Barry Cowen tables motion criticising Fianna Fáil in Government

Offaly TD says party is being sidelined by Sinn Féin and calls for leadership to name a date for Border poll

A senior Fianna Fáil backbencher has tabled a motion to an internal party meeting questioning the performance of the party in Government and saying it has been sidelined by Sinn Féin.

After a year of relative calm within the party, the motion proposed by Offaly TD Barry Cowen is being received within Fianna Fáil as a shot across the bows of the leadership.

The motion became the subject of intensive debate at the parliamentary party’s weekly meeting on Wednesday evening.

Mr Cowen’s motion referred specifically to the party’s poor levels of support in recent opinion polls, a delay in holding its ard fheis, as well as unrealised commitments made at the party’s think-in in Cavan last September.

He also claimed that Fianna Fáil was being sidelined by Sinn Féin on republicanism and specifically demanded that the party lay down a date for a Border poll.

He also called on the part to bring forward key policy decisions and hold an all-day policy workshop in Leinster House this month on a non-sitting day.

“We need to look at the aims and ambitions for Fianna Fáil as distinct from the two other Coalition parties: Fine Gael and the Green Party,” he said.

He said the party needed to put a particular emphasis on the economy; on the role for social partnership at this challenging juncture; on energy and food poverty; and on the opportunity of offshore wind.

Mr Cowen argued for a “new powerful authority” to drive energy policy with the regions where power is generated having “first call” on income.

He also called for the party to set a date for a Border poll. “Fianna Fáil is being sidelined in debates on republicanism and on housing; on health and children,” he said.

In his remarks to his party’s TDs and Senators, Mr Martin said that Ireland had experienced the highest level of foreign direct investment last year and was seeing continued levels of investment and jobs growth this year.

“There will be a challenging number of months ahead with the cost of living.,” he told colleagues. He added that €2.5 billion had been allocated to assist people and exploratory talks had been commenced with social partners in relation to pay issues.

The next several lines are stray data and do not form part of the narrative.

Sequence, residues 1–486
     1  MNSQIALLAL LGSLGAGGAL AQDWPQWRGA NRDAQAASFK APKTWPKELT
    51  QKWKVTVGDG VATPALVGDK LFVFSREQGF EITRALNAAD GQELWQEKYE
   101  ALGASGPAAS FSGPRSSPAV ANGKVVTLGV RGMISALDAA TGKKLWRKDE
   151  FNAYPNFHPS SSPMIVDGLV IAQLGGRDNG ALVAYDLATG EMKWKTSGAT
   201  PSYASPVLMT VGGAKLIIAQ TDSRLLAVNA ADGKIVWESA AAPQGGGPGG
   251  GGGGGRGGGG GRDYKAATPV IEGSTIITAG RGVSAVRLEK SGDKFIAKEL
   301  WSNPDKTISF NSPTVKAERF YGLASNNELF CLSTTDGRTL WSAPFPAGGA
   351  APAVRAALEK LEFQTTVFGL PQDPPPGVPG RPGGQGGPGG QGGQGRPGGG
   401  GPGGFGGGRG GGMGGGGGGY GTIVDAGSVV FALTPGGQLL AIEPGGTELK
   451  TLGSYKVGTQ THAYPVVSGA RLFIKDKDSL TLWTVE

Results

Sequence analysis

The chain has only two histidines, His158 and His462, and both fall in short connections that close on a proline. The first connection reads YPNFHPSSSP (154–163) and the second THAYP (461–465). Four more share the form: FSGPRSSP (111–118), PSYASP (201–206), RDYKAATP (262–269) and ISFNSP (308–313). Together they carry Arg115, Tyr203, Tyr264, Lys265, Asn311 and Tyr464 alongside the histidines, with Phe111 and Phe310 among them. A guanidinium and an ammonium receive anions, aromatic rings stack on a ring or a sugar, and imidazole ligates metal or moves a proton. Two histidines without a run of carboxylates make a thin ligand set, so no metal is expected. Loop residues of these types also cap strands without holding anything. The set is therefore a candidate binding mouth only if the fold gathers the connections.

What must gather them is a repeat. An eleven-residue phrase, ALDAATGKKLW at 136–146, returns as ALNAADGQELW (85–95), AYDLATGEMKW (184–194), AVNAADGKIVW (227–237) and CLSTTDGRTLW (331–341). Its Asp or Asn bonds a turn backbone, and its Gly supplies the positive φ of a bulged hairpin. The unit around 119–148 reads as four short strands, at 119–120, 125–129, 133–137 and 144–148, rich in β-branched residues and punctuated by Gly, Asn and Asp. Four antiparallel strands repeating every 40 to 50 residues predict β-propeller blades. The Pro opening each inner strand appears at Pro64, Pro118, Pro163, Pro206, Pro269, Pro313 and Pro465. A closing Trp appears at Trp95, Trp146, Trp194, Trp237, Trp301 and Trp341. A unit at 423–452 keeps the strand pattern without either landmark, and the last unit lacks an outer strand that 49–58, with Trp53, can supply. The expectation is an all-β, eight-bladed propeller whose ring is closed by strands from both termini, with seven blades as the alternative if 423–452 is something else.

“If we chase inflation it will get worse. We cannot exacerbate it in our decisions,” Mr Martin said.

He added Fianna Fáil wanted to make childcare affordable for working families, examine taxation proposals to help workers and also reduce healthcare costs.

Turing to Dublin Airport, the Taoiseach said the situation last Sunday was “completely unacceptable and we cannot have a repeat of last weekend”.

Meanwhile, Minister for Foreign Affairs Simon Coveney told his Fine Gael party colleagues that the number of people working in the customer service hub of the passport office will be more than doubled within a fortnight.

He said the numbers would increase from 60 at present to 140 in two weeks’ time.

“A new agreement was struck earlier today with the Gardaí on witnessing first-time child applications. At present, circa 50 applications a day are stalled and need new consent forms because of the inability to contact the witnessing Garda around the country.

“From now on, a daily list will be transmitted between the passport office and Garda management of the circa 50 cases where contact hasn’t been made and the contact will then be initiated on the Garda side, meaning the application won’t be cancelled,” he informed his colleagues.

He said that the Passport Service was seeing record demand, beating the previous busiest year (2019) by almost 20 per cent. Over 560,000 passports have been issued to date in 2022. This is 90,000 more passports than were issued at this point of the year in 2019.

Harry McGee

Harry McGee

Harry McGee is a Political Correspondent with The Irish Times